Nothing like a free meal to feed the heart

July 20, 2012


I never turn down a free meal. It’s there. It’s free. Why would you? Of course, it starts to show after a while. Those free meals can add extra pounds that extract their own price at some point down the road.

The Supreme Court has ruled on the Affordable Care Act, and governors around the country are cautiously weighing the costs of a free meal.

Medicaid is the government health insurance program designed for low-income families. The program is under the purview of individual states. Each state determines the qualifying criteria and administers the plan. As of 2010, Mississippi had 621,000 citizens in the program. That’s out of about three million people. Federal government subsidies cover 84.4 percent of the costs.

One main plank of the new law expands the Medicaid rolls to 133 percent of the poverty level. This measure, alone, will lead to a big decline in the number of uninsured people in the country. It will also lead to a big increase in Mississippi’s Medicaid roll. This is expected to grow by about 320,000 upon expansion. That means one in three Mississippians will be on Medicaid.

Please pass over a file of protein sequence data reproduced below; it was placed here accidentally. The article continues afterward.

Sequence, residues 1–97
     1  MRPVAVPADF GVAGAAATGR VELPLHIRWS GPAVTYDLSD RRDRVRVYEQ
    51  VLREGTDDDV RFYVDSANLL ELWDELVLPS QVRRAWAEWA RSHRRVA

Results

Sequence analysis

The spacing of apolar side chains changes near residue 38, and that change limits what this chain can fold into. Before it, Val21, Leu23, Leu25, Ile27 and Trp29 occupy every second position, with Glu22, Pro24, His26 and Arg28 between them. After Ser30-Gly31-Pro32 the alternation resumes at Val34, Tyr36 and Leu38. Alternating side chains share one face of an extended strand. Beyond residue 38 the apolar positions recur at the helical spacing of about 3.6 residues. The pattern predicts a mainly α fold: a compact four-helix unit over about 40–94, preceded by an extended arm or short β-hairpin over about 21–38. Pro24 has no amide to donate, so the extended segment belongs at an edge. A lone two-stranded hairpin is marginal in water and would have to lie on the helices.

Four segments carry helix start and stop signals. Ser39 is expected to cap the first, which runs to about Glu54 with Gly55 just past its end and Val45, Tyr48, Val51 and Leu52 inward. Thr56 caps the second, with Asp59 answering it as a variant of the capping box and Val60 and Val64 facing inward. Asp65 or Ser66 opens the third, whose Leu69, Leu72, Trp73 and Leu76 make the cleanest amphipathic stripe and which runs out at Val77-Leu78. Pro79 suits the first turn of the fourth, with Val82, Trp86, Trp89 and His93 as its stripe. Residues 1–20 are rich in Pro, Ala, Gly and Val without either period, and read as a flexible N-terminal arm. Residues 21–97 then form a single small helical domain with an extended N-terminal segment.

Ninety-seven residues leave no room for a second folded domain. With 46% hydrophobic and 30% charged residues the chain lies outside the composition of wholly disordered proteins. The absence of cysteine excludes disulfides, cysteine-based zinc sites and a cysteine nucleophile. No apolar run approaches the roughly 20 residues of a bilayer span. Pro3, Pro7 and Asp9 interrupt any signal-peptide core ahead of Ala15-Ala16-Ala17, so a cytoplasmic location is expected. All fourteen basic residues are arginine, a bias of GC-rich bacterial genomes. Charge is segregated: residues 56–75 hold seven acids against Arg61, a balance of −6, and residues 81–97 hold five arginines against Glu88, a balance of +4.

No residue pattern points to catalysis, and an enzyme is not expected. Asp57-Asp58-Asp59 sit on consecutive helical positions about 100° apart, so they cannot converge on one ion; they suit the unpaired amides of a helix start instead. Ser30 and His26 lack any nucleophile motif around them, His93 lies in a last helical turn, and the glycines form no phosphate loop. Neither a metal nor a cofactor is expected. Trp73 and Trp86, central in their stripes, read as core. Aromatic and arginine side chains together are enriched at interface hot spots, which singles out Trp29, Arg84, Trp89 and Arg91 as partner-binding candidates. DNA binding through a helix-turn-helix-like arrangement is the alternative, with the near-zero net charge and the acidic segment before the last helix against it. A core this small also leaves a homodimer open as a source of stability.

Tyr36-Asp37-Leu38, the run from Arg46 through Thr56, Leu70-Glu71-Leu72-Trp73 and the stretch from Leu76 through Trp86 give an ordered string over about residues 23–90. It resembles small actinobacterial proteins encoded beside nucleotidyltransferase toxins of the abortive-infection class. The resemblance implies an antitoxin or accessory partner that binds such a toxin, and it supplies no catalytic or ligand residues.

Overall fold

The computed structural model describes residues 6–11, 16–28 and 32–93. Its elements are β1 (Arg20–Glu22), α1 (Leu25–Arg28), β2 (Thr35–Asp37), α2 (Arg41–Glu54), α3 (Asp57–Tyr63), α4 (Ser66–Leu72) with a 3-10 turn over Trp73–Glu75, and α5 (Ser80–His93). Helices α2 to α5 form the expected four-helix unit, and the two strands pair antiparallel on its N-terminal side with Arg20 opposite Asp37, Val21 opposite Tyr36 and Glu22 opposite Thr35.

To entice states to comply, the federal government has agreed to pick up 100 percent of the tab for the gap between current costs and costs under expanded coverage. Voila! A free meal. So why are some governors threatening to turn down this free meal?

It seems they are worried about the burden of extra pounds to an already stretched budget. Federal money will cover all costs, but only for 2014 through 2019. In 2020, that support will decline, and each state will have to make up the difference. There is a penalty to any state who does not comply.

The Supreme Court ruled that states cannot be penalized for noncompliance. Some governors see this as a way to opt out of expansion. To me, this seems like a way to have your cake and eat it, too. Based on the ruling, it appears states can take the money now and thumb their noses at the federal government later. And the federal government would have no teeth to enforce such an action.

So, eat up! As my mama likes to say, “Don’t worry! I didn’t put any calories in that pie.”


Nancy Lottridge Anderson, Ph.D., CFA, is president of New Perspectives Inc. in Ridgeland — (601) 991-3158. She is also an assistant professor of finance at Mississippi College. Her e-mail address is, and her website is

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